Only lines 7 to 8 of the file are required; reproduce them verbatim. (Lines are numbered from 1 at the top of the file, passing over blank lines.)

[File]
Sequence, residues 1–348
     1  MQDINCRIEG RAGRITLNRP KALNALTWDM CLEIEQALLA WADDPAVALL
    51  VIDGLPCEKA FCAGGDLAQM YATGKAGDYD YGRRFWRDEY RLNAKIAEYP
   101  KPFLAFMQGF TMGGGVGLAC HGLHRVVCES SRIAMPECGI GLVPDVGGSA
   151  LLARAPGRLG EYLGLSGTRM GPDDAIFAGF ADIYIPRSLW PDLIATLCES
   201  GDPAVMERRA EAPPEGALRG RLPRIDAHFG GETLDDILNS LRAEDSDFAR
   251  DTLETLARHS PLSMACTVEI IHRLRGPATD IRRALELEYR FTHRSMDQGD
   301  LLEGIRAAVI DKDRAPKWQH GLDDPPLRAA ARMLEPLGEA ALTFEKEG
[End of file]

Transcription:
   251  DTLETLARHS PLSMACTVEI IHRLRGPATD IRRALELEYR FTHRSMDQGD
   301  LLEGIRAAVI DKDRAPKWQH GLDDPPLRAA ARMLEPLGEA ALTFEKEG